Technology is cyclical.
In our current state, we’re in the times of past technology (alarm clocks) solving the problems created by current devices (smartphones).
When it comes to sleep, scientific research has shown that smartphones and their blue light have a terrible effect on our quality of sleep, leading to grogginess, worse moods and even obesity.
The problem: Many people, myself included, use smartphones as their alarm clocks. When you have a device that has social media, doomscrolling and funny videos at your behest, how can you not sneak a few hours of it before bed?
That’s the goal of the Loftie Alarm Clock ($165, byloftie.com), a smart alarm clock with all of the good features of a smartphone (alarm, night light, calming noises, breathing exercises) and none of the bad ones (social media, bright lights, loud noises).
The clock is light, easy to set up and simple. It has three buttons: a long, horizontal one for snoozing at exiting a menu, a middle one to access the features of the clock and a circle to select items on the display.
Connected to your Wi-Fi, the Loftie is advertised as a “continually evolving experience,” as it updates its library of soothing sounds, noise baths, alarm sounds and breathing exercises.
Using this for a month, and leaving my phone in the other room, I obviously felt less temptation to scroll endlessly on social media. The multiple alarms are easy to set and turn on and off (I was not a fan of the alarm sound, which never changed). I liked the ability to control the brightness of the nightlight and found the extra options were a nice way to wind down, while eliminating the urge to check texts, e-mails, etc.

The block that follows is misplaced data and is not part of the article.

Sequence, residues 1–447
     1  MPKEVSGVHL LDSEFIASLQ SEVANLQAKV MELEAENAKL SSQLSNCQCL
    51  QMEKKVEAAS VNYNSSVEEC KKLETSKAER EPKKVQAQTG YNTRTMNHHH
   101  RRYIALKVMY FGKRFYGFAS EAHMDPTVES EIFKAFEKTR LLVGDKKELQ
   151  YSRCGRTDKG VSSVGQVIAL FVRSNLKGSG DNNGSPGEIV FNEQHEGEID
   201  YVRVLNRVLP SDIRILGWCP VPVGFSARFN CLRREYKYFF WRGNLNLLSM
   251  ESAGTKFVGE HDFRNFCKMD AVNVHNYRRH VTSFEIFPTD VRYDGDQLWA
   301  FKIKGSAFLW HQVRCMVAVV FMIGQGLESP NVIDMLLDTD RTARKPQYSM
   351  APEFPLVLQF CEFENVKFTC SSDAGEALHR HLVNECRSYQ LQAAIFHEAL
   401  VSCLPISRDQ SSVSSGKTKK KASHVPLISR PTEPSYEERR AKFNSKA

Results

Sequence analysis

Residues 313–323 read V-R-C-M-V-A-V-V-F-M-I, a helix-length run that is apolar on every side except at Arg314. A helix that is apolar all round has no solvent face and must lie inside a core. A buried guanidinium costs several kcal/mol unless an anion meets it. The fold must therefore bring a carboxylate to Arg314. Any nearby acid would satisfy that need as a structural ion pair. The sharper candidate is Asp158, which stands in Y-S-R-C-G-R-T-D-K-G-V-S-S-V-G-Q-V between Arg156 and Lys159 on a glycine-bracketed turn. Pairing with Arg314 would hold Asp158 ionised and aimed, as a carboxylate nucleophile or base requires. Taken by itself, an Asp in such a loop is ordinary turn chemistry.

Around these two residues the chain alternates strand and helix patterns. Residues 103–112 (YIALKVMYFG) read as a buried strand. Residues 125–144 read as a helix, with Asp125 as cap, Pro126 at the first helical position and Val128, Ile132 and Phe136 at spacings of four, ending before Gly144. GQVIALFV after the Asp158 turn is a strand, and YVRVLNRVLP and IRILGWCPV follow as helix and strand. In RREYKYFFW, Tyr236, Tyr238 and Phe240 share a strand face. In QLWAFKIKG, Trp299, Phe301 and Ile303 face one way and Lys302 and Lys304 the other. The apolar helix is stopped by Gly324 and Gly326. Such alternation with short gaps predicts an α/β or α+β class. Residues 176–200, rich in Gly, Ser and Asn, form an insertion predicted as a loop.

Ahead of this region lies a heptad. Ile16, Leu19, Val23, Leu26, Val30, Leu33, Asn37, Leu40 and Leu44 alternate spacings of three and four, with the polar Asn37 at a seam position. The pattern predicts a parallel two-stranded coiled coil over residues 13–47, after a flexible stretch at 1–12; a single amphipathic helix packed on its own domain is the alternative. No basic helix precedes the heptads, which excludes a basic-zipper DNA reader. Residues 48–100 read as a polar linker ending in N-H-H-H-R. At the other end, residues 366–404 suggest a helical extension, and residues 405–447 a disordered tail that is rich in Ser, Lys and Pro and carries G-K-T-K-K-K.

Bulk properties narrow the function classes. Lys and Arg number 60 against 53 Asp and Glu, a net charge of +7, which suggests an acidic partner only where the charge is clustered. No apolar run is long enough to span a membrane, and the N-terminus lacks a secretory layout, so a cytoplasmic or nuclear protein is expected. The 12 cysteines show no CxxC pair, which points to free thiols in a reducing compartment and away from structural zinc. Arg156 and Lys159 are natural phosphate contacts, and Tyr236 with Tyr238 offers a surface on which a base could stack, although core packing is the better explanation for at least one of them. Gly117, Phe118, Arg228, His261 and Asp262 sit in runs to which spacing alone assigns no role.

Here’s the sticking point — the price. The question of paying $165 for a smart alarm clock comes down to how serious your addiction to your phone is, how much you want to change how it’s affecting your sleep and if it’s worth using your disposable income to do it.
Yes, you likely can find all of the options this alarm offers through apps on your phone. But again, it means keeping that temptation of your phone nearby. You also could buy a cheap alarm clock and set new boundaries with your phone and listen to recordings of breathing exercises or noises.
What Loftie is aiming for is people looking for an all-inclusive sleep device that will keep the phone out of the room. To that, I say this is a solid device with no frills and a lot of charm. If your phone addiction is a problem, this could help address it. But for me, a person with a controllable phone addiction, the price tag is a little too much.